Thursday, November 23, 2006
It appears that just days after we posted the story that Rep. Charles Rangel (D-Delusional) said he wanted to bring back the draft, to "make the military more fair to the poor," the Downercrats put their fingers to the wind and saw that this was not such a good idea.
Wait. They think it is a good idea, but because it has less support than the clap, they have decided to shelve it.
Top House Democrats to bar military draft plan
WASHINGTON (Reuters) - A reinstatement of the military draft, being pushed by a senior Democrat, will not be slated for consideration in the House of Representatives, the chamber's newly elected top leaders said on Monday.
"We did not include that" in legislative plans for early next year, said Democratic Rep. Steny Hoyer of Maryland, who will be House majority leader when the new Congress convenes in January under Democratic control for the first time in 12 years.
New York Democratic Rep. Charles Rangel, who is in line to chair the House Ways and Means Committee next year, has renewed his call for the draft, saying the war in Iraq is being fought by American soldiers who disproportionately are from low-income families and minorities.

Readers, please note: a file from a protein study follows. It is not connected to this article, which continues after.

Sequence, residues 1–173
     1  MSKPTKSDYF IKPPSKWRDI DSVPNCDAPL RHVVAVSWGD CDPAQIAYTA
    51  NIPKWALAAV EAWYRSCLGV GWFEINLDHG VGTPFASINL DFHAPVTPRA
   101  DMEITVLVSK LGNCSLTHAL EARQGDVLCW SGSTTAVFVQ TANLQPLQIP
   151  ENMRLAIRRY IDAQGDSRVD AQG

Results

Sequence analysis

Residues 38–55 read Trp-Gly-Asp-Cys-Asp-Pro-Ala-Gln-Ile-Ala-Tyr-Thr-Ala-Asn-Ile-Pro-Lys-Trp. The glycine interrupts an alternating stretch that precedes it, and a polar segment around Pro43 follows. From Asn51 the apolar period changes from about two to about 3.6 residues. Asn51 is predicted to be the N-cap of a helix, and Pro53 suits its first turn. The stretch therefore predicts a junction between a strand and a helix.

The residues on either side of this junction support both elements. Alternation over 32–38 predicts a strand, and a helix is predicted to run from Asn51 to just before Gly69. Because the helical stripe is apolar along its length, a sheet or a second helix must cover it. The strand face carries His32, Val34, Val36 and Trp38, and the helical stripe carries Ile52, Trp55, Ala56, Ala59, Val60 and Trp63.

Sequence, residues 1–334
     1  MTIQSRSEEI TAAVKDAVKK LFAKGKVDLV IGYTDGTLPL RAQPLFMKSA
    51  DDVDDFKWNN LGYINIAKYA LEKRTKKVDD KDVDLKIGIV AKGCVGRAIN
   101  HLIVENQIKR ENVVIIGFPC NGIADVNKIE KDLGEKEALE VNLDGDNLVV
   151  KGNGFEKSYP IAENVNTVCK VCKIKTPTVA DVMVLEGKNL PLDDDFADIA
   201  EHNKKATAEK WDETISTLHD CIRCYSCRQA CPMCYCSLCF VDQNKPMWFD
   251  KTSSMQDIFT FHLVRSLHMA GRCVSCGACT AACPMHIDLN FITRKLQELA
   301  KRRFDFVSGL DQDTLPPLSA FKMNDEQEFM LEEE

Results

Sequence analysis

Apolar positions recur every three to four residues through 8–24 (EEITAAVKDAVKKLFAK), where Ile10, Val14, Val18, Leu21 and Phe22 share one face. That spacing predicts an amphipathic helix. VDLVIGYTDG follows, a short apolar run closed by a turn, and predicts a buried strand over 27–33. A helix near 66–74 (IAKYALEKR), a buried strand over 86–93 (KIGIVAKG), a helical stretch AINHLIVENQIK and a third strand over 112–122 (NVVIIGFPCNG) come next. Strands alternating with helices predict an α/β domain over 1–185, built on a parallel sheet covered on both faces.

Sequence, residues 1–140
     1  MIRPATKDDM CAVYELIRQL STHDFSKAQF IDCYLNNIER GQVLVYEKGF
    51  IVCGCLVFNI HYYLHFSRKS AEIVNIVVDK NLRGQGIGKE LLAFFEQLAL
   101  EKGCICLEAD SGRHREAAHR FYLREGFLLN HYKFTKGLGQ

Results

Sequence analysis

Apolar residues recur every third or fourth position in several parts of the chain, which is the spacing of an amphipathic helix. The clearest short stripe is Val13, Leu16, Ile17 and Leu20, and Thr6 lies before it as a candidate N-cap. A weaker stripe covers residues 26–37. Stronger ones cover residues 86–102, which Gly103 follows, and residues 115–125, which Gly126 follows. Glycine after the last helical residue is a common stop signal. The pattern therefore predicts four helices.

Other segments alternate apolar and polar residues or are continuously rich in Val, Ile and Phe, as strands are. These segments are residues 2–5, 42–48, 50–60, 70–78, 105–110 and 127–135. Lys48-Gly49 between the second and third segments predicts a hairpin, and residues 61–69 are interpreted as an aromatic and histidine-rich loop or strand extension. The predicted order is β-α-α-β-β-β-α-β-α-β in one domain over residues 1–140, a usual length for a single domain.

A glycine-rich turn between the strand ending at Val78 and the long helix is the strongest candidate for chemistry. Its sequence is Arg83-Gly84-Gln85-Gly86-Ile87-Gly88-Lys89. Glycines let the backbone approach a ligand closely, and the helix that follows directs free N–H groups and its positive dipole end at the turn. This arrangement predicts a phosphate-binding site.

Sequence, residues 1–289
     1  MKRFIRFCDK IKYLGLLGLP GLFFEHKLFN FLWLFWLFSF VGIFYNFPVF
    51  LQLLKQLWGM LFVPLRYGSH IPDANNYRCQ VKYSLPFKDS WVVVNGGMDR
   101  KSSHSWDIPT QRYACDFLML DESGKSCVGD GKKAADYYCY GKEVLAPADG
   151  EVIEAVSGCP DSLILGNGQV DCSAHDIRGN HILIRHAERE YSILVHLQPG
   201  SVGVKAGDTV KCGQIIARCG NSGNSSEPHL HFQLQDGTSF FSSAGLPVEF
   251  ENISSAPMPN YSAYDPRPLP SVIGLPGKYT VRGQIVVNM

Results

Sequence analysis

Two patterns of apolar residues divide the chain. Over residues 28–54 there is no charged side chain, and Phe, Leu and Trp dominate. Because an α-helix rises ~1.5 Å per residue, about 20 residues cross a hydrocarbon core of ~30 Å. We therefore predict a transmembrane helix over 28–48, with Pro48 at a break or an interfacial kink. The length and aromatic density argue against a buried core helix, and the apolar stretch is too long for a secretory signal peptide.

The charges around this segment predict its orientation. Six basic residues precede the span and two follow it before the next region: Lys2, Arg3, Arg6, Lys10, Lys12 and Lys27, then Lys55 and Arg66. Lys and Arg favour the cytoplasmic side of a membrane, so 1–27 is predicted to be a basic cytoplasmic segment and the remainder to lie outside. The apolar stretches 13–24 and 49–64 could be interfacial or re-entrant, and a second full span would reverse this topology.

Over the weekend, Rangel said he would seek passage next year of the universal draft legislation he has long sought. "If we're going to challenge Iran and challenge North Korea and then, as some people have asked, to send more troops to Iraq, we can't do that without a draft," Rangel said on CBS' "Face the Nation" on Sunday.
Incoming House Speaker Nancy Pelosi of California told reporters on Monday that she does not support reinstating the draft, which was suspended in 1973 near the end of the Vietnam War and replaced by the all-volunteer army.
As Ways and Means panel chairman, Rangel will have a significant role in U.S. tax and health-care policy. That post will not necessarily give Rangel an effective forum for pursuing his military draft legislation, Pelosi observed.
You can imagine how bad things are: the Downercrats won the majority three weeks ago, and already they have disobeyed their leader and picked a different majority leader, and now they have to shelve one of their leading issues because, well, it just ain't popular.
Watching the fight over Alcee Hastings as the next chairman of the House Intelligence Committee ought to be fun.